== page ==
TreeHugger is providing more original content than ever, but also acts as a filter, reviewing hundreds of other websites. As the "about" page says: "Partial to a modern aesthetic, we strive to be a one-stop shop for green news, solutions, and product information." To do so, I look at over three hundred websites every day in many different fields; here are some of my favourites that I want to thank for keeping me in posts for 2008.
Design Jill of Inhabitat and Harry of Mocoloco have been around as long as TreeHugger, and continue to be the standards of excellence for design sites. Max and the Apartment Therapy family of sites are great resources. However in 2008, particularly for architecture, I found Preston of Jetson Green, Justin of Materialicious and Alex of Shedworking were finding the coolest stuff fastest. The joy of this business is that even though I have met few of them personally, I consider them more than sources or competitors, but friends.
Planning and Economics: I liveblogged the Reimagining Cities conference with Ryan Avent of The Bellows (and Grist and the Economist) and was completely outclassed by this smart, tough, young economist with a sharp eye on urban issues. One to watch. Richard Florida's Creative Class website is often interesting, if a bit self-promoting. The Next American City is the website for a serious planning magazine. For economics and business, Paul Kedrosky must spend 20 hours a day reading every website and newspaper extant with the TV running in the background, but just reading infectious Greed keeps you on top of the subjects. Nate and friends at Planetizen are the single best filter of planning news, and you can't start a Monday morning without the weekly rant from Jim Kunstler. And finally, it started as a local Toronto political and planning magazine but has grown into perhaps the best looking and one of the best written planning and political blogs anywhere: Spacing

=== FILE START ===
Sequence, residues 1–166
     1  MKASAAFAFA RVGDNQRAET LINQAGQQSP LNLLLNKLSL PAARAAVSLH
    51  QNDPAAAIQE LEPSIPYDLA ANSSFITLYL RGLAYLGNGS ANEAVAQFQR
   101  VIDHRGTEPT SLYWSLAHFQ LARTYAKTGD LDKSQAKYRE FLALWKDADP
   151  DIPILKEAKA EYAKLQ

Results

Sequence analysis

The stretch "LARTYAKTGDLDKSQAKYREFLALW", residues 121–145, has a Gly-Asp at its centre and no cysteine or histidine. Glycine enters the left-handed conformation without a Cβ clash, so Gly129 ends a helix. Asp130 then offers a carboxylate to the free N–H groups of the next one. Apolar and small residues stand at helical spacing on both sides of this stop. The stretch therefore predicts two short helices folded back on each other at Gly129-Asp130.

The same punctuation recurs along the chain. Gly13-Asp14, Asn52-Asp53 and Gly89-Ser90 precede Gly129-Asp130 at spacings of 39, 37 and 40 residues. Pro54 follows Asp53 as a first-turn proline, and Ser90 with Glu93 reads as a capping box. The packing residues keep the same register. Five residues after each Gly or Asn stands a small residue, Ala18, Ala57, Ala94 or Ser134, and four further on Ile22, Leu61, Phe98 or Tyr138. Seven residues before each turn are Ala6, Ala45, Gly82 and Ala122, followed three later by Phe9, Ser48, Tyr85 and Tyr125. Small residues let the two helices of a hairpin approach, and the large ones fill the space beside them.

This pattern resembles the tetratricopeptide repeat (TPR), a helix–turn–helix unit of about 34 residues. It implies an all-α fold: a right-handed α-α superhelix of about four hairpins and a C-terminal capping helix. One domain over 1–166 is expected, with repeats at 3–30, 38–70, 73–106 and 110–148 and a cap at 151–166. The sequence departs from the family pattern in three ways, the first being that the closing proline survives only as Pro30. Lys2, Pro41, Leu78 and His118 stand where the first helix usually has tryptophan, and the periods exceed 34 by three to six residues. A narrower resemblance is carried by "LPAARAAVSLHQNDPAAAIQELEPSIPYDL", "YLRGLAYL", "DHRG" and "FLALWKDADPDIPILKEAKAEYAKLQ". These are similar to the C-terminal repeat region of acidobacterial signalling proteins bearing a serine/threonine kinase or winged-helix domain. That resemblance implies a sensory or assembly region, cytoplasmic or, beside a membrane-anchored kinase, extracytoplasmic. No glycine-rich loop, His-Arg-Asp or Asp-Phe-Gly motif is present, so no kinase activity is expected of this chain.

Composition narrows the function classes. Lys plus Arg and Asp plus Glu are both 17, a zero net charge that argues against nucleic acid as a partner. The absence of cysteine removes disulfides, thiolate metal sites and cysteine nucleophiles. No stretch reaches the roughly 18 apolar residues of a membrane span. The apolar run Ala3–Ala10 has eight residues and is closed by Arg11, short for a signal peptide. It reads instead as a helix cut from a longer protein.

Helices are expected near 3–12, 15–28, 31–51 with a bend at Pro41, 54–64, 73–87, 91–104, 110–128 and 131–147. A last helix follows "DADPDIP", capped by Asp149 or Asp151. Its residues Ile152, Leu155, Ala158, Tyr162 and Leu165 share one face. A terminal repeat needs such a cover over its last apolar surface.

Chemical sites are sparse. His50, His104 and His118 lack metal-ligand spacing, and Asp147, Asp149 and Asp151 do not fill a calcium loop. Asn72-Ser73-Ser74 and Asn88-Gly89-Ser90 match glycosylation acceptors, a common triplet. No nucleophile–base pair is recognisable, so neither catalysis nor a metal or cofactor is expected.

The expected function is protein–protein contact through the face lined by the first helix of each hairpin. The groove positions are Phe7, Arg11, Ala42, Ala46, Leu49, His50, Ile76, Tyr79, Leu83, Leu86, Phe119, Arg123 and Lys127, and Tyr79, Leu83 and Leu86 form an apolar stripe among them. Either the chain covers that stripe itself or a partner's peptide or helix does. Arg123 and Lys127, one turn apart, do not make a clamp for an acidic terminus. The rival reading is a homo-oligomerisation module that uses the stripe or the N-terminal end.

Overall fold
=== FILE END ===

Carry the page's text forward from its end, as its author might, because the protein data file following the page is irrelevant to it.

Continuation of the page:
Frugal Living: Living frugal is greener and seems like a good idea in these times. Wise Bread is full of good tips, sort of the Lifehacker of frugality, as is the Simple Dollar; Mr. Perfect at Zen Habits can be annoying but interesting.
But the most inspiring of all was to watch the transformation of Colin Beavan, as he went through his year as No Impact Man while living in the heart of New York City with a young family. Seriously, if you can make it frugal there, you can make it anywhere, and he does it with humour and style. The year seems to have changed him permanently and has been an inspiration; I look forward to the book, the movie and the reality TV show. He has continued blogging about it; unfortunately Vanessa at Green as a Thistle has not, since completing her year of transformation. However she has a book coming out as well, which I look forward to.
Green: Oy, I don't know where to start. I certainly don't have the energy to put together the image. Worldchanging continues to be the serious standard, while Grist continues to be trenchant, funny and important, and I still wish I could write as fast or as well as David Roberts. Katie Fehrenbacher has made earth2tech a must for green techies, giving TreeHugger alumnus Hank Green at Eco-Geek a challenge. Joe Romm and George Monbiot cover both sides of the Atlantic on the politics of climate change, with Desmogblog looking down from Canada. Andy Revkin and Dot.Earth at the New York Times shows how the mainstream media might beat the blogs, by providing consistent, intelligent reporting.
And so many I have forgotten and missed! Like:
Michelle Kaufmann for showing how architects can survive in these times by being smart, always trying new things, and being good.
Shari Shapiro for actually making green building law interesting. One to watch.
Modern Mechanix because it is so much fun.
Max Gladwell. Pompous but smart.
And Planet Green- Editor Erin makes sure that our sister site that just keeps getting better and better. The recipes are good, too.
There are more, and I apologise to those I missed. I hope readers will contribute their favorite sites, so I can add them to my reader and watch them this year.
Thanks again to you, dear reader, for making this all possible.